Anne Powell, daughter of a prominent jurist, belonged to one of the most prestigious families in York (Toronto). She was well travelled for the times and had lived with her mother’s family in New York. In 1811 she studied in Montreal with the intention of obtaining a teacher’s certificate. Before the outbreak of the War of 1812 she returned to York and indulged her desire to teach by becoming the tutor of her two orphaned nieces. Despite her expensive education, Anne’s mother considered that she “requires knowledge” still. After the capture of York in April 1813, Anne devoted herself to tending the convalescent soldiers who were quartered with the Powells.
Anne’s first romantic involvement had occurred in 1807, when she was courted by the French adventurer Laurent Quetton St George. Her mother had dismissed his presumptuous suit. Later it became apparent that she was, in Dr John Strachan*’s words, “distracted after” a charming young lawyer, John Beverley Robinson*. Robinson had performed creditably during the war and had gained the post of acting attorney general as a result of the influence of judge Powell. It was unlikely that the ambitious Robinson would discourage familiarity with his benefactor’s daughter. When Robinson decided to further himself by attending the English Inns of Court, Anne found a way to follow him: in 1816, the year her father was seeking the chief justiceship, she travelled with him to England. Upon her arrival she again took up with the young lawyer, who gallantly escorted her about London.
Yet, unknown to her, Robinson had developed a passionate attraction to an English girl, Emma Walker. This lady delivered an ultimatum to Robinson. If he wished their courtship to continue, he had best advise Miss Powell that he was no longer a free man. He complied, and also informed Powell, now chief justice, that he was engaged to another. The individual most annoyed by this announcement was the rector of York, John Strachan, who wrote to Robinson to ascertain whether he was “under any engagements directly or indirectly to Miss Powell.” Admittedly, Robinson was not “eligible.” His stepfather, Elisha Beman, was, after all, a tavern-keeper. Yet everyone in York had taken the marriage of John and Anne for granted. It appeared that ability counted for more than status in weighing the desirability of marriages among York’s gentry. But although Robinson’s marriage to Emma may have disappointed the Powells, it did not diminish their affection for him. Anne herself hoped that “nothing will ever interrupt the friendly intercourse between the families.”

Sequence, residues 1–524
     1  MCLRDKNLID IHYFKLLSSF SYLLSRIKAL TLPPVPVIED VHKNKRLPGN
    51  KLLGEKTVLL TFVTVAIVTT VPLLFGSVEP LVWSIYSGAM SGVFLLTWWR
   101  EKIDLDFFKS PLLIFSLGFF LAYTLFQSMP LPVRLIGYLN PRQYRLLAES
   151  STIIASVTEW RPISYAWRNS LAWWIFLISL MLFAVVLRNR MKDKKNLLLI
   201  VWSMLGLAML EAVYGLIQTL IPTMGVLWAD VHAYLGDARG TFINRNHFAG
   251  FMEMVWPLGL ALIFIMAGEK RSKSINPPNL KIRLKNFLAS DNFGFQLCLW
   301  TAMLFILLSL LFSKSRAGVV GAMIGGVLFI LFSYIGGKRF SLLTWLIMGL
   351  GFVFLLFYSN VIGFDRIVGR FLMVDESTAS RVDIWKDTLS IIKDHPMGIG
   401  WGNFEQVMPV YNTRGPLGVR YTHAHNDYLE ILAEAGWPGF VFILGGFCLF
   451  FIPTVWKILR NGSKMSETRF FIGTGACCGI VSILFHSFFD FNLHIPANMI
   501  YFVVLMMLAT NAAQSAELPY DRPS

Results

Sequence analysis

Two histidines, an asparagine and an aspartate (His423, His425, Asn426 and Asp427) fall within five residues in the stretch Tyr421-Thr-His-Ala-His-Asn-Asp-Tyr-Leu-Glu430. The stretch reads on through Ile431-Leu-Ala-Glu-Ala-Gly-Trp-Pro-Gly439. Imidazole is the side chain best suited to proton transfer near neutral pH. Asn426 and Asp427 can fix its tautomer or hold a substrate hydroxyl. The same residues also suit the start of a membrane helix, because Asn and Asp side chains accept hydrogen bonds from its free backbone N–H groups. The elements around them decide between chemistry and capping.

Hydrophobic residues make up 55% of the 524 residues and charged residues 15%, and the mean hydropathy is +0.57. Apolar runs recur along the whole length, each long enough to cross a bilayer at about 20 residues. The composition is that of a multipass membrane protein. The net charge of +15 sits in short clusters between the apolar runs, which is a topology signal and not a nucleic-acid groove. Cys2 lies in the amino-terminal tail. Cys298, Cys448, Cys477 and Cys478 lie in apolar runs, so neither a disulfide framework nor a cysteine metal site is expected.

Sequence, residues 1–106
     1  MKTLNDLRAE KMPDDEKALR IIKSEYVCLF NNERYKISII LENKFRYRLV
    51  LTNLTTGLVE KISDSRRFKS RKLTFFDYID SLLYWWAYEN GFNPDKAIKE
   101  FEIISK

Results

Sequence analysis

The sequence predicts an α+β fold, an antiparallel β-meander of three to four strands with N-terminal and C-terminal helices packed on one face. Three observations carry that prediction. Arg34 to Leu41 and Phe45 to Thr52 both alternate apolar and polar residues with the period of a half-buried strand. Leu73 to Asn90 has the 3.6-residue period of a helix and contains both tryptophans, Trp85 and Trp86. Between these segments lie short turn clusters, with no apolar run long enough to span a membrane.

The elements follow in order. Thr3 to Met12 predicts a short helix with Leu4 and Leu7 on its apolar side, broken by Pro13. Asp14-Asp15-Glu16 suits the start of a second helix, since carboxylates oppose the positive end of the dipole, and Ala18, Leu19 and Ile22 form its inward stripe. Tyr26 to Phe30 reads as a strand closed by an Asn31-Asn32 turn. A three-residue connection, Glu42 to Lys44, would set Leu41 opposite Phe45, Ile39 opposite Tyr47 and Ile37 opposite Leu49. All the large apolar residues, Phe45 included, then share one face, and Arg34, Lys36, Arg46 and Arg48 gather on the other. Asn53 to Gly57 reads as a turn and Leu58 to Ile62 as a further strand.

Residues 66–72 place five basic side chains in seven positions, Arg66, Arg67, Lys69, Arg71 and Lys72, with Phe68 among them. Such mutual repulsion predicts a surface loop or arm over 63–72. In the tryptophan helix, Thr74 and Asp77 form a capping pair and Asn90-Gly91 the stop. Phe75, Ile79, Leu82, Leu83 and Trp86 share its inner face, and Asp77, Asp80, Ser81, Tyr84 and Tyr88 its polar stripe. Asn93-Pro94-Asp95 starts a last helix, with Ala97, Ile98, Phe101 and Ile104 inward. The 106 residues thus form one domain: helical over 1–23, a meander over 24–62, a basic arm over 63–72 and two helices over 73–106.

Anne remained in England with her relatives until her stubborn disposition and disregard of the expenses to which she put others made her an unwelcome burden. It was not long after her return, in the summer of 1819, that her parents began to question her sanity. She displayed a bitter hatred for them, a suspicion of her sisters, and a tyrannical domination over her nieces. The orphans came so much under her sway that she flew into a rage when her sister merely attempted to take them for a walk. Perhaps her most embarrassing eccentricity was her continuing infatuation with John Robinson. She sent him correspondence which his brother William Benjamin* described to Samuel Peters Jarvis*, Anne’s brother-in-law, as “some of the D—ndest letters you ever saw.” Anne considered Emma Robinson to be possessed of a “romantic history” and hardly a fit companion for her beloved John. For her part, Emma routinely burned Anne’s letters and refused to admit her to the Robinson house.